First pool is probably cheaper to run. Gets more customers, especially poorer kids. Works fine until the day the water is contaminated and half the kids who swam in it are half-dead and a handful are dehydrated corpses.

Meanwhile the more responsible pool owner has always run it more expensively/more safely, made less profit, but none of their customers end up dead. Or the more responsible pool owner went bankrupt because every other pool owner in town was allowed to - and did - cut corners on safety, cut prices... and now health-conscious parents keep their kids out of the pool.

I don't know if the rule about de-contaminating pools is a local bylaw or a national health-and-safety law or a European safety standard: but if it's required by law, it means creepy pool owners who think that it's worth hazarding children's lives because hey, really bad diseases are so rare, can't make their creepy libertarian profit on the "free market" by undercutting safety costs.

But hey, what would a pro-lifer understand about valuing human life over profit?

I see, you believe that, if somebody omits even one of the safety precautions you favor, they'll omit every one of them. Thus somebody who doesn't drain the pool when a feces is found, just orders everybody out, fishes it out, and super-chlorinates the pool for a few hours, won't require babies to wear swim diapers, either.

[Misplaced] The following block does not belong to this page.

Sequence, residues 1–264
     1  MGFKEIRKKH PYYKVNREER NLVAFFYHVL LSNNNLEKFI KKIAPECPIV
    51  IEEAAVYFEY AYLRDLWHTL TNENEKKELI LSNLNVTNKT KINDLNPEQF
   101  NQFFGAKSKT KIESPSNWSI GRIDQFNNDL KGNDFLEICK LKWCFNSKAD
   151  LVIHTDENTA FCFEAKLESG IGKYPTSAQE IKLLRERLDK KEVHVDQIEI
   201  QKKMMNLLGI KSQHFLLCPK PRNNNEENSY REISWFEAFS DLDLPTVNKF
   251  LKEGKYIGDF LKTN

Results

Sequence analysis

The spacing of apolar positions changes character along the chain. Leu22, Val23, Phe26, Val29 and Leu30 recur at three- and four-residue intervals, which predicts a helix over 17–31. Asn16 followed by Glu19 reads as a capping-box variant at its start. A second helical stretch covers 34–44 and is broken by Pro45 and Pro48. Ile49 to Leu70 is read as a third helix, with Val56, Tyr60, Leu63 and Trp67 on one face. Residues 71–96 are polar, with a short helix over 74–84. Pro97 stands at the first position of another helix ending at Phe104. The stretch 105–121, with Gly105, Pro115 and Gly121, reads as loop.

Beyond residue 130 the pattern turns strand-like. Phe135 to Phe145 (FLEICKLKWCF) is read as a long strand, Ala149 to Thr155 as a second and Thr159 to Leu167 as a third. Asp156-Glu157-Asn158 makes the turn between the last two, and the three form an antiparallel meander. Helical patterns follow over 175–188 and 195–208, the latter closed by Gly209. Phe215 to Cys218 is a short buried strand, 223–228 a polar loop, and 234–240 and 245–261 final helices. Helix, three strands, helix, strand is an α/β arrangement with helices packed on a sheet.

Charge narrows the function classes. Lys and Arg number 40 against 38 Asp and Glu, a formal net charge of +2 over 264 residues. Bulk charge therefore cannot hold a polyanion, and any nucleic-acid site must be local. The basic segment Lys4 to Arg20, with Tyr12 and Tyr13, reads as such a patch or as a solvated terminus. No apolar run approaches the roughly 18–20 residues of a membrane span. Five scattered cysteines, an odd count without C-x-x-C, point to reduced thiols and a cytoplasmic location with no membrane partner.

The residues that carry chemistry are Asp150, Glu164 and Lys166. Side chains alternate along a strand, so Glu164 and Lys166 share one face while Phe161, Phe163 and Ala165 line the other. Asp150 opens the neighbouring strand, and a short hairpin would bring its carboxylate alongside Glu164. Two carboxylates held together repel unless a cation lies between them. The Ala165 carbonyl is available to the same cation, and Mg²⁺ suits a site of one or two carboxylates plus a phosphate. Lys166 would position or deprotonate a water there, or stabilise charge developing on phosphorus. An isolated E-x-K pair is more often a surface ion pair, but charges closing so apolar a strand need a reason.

I guess that makes sense... If you assume that people only reach conclusions different from your own out of malign motives. Of course, that DOES seem to be one of your operating assumptions.

Meanwhile, we will continue, on this side of the Atlantic, to go the swim diaper/super-chlorination route, and I expect our public swimming pools will continue operate with a much higher availability, while not killing appreciably more people than British pools.

And, you know what? Swimming has health benefits...

"But hey, what would a pro-lifer understand about valuing human life over profit?"

But, hey, what would an advocate of institutionalized OCD understand about the Center for Disease Control, a government agency, providing recommendations which are followed by public, as well as commercial, pools? If you don't like it, the profit motive has to be behind it, right?